In our current age of digital photography, it is of little wonder how the nostalgia towards film photography has rekindled interests among enthusiasts and I’ve indulged myself in 135 film with my favourite being Fujifilm Industrial 400, Kodak Portra 400 and of course, the beautiful Ektachrome e100 slides with my trustworthy Nikon 35Ti film camera, but this is still considered pretty ‘modern’ photography.
However recently I had the good fortune to experience large format film photography with a century old antique camera showing how photography was a long time ago.
Sam, a dear friend was kind enough to share on the workings of an antique large format film camera, the Burke & James 8×10 commercial view. He can be contacted at his IG account here or through his IG handle @sam1402
P.S. – the 8×10 here implies the size of the film in inches, a massive 20×25 centimetres. And when we talk large format, you are referring to the highest quality footage and images around. A digital full-frame sensor is well, 3.6×2.4 centimetres in comparison.
Admittingly, I know too little about large format film photography to do a legit discussion but I am keen to share what I understand in the hope that these gems in the history of photography don’t get lost in the passage of time.
In this article, for brevity sake, I will break down the info and experience through answering 3 key questions,
- history of the Burke & James large format film camera,
- the optics used,
- handling and a sample.
The Burke & James 8×10 View commercial – a background.
A first question to answer is probably some background about the camera. I discovered to my chagrin that any information available were scant and spotty but I understand that Burke & James Inc. of Chicago was a camera manufacturer and importer of cameras and lenses. The company was established in 1897 by founders Henry Burke and David James and was in business until around the 1970s (aka, they closed before I was even born).
Some of these 8×10 View commercial large format film cameras are factually century-old (yes, 100 years +) cameras and if you look hard enough, can still be found refurbished and through auctions. Most amazingly, they were so well built that if well-maintained, they still function as they were designed to a century ago. And this is inclusive of the original wooden frames they came with.
A second key question would be the optics used. Sam uses the Burke & James 8×10 with a set of Fujifilm optics, a Fujinon 250mm f5.6 large format lens (with Copal shutter) as seen in the photo above. This is a lens still quite easy to find and is known for its dreamy and smooth skin tones.
With adequate knowledge, one is able to adapt optics to the large format film camera in the same way we adapt non-native lenses to our digital cameras nowadays.
Of course using the century old camera was fully manual, with one having to set aperture, shutter speed and meter for the ambient light conditions.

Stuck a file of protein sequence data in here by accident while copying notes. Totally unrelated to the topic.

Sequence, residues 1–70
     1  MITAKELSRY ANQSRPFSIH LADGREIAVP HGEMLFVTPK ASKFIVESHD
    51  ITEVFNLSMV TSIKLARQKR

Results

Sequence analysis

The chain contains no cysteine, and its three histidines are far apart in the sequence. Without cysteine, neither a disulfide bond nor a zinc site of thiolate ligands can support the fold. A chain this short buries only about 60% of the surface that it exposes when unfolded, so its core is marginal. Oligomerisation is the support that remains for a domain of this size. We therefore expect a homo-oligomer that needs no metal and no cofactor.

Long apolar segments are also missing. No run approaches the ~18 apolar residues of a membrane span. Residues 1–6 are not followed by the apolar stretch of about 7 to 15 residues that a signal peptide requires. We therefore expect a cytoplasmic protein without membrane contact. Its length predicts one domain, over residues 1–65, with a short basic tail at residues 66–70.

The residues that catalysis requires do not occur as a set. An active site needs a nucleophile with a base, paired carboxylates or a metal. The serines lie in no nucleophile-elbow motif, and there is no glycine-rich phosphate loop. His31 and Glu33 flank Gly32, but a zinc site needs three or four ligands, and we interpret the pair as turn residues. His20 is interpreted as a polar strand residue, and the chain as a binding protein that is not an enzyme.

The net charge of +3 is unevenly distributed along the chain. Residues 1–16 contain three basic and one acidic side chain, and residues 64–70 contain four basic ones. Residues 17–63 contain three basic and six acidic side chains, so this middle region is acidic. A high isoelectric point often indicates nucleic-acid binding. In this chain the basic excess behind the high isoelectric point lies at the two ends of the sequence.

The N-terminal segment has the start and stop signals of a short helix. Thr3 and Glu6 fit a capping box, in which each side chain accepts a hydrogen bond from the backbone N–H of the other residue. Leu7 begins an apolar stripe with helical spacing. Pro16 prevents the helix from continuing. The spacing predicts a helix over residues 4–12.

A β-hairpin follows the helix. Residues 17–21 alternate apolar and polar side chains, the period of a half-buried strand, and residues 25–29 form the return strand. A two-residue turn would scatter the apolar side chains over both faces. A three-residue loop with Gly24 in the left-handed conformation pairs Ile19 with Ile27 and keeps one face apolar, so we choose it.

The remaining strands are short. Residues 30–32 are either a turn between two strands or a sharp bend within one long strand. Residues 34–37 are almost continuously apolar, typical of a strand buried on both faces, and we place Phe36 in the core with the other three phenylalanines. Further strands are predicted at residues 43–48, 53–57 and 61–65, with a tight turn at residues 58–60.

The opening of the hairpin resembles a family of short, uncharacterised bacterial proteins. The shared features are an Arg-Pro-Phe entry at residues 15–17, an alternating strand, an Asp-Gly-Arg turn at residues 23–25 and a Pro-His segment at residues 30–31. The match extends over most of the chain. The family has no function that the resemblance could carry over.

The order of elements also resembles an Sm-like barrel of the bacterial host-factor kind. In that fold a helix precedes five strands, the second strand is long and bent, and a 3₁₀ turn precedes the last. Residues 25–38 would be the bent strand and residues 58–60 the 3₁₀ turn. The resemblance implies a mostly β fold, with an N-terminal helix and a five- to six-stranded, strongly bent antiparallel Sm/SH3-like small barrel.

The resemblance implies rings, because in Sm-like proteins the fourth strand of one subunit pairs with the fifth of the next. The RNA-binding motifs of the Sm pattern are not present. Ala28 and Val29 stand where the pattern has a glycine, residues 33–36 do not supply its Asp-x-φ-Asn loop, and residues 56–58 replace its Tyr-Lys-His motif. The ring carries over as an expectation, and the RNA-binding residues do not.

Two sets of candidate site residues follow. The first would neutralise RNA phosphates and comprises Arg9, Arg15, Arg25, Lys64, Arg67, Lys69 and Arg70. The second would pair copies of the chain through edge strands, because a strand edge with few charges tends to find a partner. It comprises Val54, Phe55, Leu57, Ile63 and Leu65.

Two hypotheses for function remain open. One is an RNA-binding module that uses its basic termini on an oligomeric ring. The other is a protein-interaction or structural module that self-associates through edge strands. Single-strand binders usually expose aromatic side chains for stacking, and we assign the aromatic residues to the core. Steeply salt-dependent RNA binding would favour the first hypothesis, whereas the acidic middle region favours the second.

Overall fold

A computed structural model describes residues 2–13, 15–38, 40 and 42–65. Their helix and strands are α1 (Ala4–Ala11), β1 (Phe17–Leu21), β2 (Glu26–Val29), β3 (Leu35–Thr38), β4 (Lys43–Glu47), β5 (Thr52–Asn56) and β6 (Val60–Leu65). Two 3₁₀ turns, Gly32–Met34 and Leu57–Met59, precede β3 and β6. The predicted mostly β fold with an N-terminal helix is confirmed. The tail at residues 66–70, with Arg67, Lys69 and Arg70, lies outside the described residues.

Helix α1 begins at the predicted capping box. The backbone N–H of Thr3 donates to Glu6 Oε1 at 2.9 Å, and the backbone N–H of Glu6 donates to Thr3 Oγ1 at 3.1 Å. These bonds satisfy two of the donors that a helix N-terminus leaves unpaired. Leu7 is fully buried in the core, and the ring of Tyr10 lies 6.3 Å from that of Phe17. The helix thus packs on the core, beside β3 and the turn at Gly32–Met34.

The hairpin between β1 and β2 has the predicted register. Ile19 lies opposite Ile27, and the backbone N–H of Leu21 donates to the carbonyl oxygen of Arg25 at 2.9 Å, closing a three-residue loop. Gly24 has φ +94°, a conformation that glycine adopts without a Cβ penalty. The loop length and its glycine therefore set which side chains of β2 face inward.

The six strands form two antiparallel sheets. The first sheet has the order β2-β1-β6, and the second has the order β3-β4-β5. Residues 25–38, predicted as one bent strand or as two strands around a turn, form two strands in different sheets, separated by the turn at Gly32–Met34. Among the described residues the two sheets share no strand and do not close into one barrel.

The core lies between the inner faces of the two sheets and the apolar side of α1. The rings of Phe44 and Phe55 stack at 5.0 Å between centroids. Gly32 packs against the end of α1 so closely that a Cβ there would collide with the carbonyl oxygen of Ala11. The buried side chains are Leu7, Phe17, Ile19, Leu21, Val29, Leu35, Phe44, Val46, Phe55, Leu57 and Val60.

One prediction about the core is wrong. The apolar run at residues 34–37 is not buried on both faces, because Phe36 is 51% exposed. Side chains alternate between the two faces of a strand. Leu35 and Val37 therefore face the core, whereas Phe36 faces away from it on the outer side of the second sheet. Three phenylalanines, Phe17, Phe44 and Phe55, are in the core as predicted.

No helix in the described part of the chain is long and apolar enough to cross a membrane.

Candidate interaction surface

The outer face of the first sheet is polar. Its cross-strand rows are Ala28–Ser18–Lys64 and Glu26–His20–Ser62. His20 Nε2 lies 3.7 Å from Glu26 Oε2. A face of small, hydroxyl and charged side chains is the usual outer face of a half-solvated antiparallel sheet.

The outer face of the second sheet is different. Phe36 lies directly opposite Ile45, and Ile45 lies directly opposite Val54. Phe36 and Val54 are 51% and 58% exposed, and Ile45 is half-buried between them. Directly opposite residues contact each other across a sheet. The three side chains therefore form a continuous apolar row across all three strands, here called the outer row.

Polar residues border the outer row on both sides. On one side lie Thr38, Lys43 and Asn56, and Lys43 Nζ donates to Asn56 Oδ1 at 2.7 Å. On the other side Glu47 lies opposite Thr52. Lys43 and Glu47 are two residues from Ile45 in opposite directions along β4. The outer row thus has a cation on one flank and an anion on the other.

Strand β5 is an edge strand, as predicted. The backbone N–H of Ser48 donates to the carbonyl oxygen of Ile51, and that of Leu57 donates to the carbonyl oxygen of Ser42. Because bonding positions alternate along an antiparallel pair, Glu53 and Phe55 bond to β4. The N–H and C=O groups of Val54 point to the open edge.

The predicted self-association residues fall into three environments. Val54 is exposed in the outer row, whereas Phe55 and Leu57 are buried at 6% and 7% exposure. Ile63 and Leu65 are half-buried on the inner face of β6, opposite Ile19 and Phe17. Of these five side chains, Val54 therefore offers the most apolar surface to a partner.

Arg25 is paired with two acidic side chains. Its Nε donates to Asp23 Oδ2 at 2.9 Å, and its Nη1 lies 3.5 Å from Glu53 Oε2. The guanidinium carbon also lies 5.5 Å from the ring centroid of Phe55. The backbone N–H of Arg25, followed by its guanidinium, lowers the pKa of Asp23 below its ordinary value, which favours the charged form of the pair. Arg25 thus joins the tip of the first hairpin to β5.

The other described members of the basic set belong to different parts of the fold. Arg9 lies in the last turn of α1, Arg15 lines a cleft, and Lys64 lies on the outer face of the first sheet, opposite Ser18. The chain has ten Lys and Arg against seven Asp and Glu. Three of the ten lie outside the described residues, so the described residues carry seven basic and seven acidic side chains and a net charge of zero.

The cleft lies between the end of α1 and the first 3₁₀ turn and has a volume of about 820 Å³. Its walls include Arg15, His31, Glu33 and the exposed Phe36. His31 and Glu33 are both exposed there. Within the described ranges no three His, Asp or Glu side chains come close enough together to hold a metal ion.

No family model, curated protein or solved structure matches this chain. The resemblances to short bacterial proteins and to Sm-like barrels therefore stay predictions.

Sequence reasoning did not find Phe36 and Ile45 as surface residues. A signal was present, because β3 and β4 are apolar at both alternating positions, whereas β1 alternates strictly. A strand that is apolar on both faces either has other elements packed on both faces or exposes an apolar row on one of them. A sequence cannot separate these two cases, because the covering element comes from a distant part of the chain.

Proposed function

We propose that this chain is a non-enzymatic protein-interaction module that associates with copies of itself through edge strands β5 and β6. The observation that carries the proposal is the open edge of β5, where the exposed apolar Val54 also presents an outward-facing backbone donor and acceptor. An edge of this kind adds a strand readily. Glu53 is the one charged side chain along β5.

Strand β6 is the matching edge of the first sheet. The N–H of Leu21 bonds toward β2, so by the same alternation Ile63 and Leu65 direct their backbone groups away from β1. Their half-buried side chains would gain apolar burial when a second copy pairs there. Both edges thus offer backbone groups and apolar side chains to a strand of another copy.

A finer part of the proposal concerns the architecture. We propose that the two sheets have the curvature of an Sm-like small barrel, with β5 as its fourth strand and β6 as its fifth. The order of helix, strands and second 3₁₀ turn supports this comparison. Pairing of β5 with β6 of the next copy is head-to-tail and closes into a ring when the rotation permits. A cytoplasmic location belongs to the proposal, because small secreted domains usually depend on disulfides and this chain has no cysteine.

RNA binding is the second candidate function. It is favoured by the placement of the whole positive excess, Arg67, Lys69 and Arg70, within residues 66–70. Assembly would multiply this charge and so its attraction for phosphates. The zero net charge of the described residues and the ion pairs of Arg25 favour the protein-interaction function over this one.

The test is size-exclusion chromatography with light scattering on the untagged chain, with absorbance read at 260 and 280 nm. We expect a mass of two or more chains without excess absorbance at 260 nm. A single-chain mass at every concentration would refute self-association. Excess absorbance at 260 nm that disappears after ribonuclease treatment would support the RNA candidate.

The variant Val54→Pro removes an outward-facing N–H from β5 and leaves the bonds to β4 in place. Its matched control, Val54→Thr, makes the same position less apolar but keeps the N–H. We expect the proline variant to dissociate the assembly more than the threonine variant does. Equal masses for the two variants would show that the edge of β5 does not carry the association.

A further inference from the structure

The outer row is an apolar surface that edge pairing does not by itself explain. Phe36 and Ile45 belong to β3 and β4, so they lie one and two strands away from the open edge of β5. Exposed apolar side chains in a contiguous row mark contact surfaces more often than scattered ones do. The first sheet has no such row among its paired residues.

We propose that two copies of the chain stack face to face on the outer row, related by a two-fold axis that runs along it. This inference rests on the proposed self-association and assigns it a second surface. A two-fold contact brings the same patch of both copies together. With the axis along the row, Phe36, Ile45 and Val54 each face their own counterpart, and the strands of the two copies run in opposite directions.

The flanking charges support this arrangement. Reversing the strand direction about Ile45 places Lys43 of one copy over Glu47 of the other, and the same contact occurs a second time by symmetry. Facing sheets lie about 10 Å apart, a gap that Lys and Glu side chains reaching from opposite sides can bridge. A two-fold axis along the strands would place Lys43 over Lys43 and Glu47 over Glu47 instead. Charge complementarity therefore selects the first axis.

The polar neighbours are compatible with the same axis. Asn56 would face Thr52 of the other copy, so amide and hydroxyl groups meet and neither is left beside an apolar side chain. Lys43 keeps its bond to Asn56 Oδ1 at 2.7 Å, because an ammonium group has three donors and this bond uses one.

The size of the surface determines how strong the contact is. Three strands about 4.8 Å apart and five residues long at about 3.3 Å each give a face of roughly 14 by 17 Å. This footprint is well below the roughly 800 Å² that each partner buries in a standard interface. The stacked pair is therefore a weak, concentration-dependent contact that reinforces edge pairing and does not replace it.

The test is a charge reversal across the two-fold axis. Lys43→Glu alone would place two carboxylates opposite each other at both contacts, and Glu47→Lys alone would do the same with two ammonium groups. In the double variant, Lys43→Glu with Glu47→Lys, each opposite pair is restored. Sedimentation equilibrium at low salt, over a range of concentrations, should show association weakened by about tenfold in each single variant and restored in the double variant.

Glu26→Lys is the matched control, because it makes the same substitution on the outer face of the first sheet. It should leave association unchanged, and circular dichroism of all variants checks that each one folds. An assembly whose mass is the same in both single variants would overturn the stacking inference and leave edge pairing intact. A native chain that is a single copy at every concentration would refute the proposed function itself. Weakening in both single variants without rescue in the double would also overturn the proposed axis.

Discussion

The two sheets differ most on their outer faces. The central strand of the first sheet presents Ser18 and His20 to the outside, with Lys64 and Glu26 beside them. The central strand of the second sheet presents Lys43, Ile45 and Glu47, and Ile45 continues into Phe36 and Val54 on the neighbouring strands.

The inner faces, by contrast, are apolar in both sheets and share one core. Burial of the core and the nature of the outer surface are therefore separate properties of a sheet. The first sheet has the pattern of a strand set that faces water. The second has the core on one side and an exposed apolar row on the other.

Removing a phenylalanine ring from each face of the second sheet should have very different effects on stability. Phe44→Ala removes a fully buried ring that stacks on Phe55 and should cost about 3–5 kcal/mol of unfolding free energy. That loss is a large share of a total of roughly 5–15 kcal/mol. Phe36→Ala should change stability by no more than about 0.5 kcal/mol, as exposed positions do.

Handling, processing and a sample
Large format cameras generally use sheet film instead of a roll of film. But obviously finding suitable film was not only difficult and likely to be expensive given how many film manufacturers have simply threw in the towel over the decades.
And I have to tip my hat off to Sam, for through reading up he has learnt that one can also use inexpensive X-ray films for the Burke & James 8×10. Yes, the same X-ray film we find in hospitals. The only catch(es) are that one will need to manage the shot at ISO 5 to 100 and X-rays films are orthochromatic (cannot see red).
Coming from 135 film, it was mind blowing for me to see the size of the film and its holder (that’s shown in the photo above) and what happens are usually two sheets are put into a film holder. Each holder contains ‘one shot’ on each side.
Every single time the subject moves, one will need to check focus again, and if fussy, recheck the light conditions. Like the good old movies, one is able to see the reflection of the subject on the focusing screen and the dark cloth is to allow one to be able to see the reflection clearly. (no, obviously there are no screen brightness adjustments available)
After viewing and focusing, the film holder is put in the back of the camera. A dark slide is lifted out. The shutter is fired and the exposure made. The dark slide is put back into the holder. The holder is then flipped over to use the other sheet of film which is exposed in the same way. Two photos can therefore be made with each holder and after which, the film is further processed into negatives and of course, one can then make a digital scan of it or even a print.
After processing the film, here is the digitally post-processed digital scan of the shot Sam took. Of course one could use say a 102 megapixels camera if you wish to go massive into the details but this really depends on the individual and Sam used a 12 megapixels Fujifilm X10 camera for this, giving a 2584×3280 pixels image – more than sufficient as a memento of how photography was during the World War 1 era.
The intricacies of the analog darkroom is still mostly beyond me but yes, it is an art form by itself and I hope I can learn more one day.
and before we end, a little bonus below – here is showing the original scan before post-processing was done.
Yes, the original is ‘blue’. In medical and industrial uses, blue was the most common base available supposedly to reduce eye fatigue in Radiology, and thus it is pretty common to find X-ray films in blue base.
*the digital scans were provided by Sam.
Thank you for reading.
and once again, you can find Sam at his IG handle @sam1402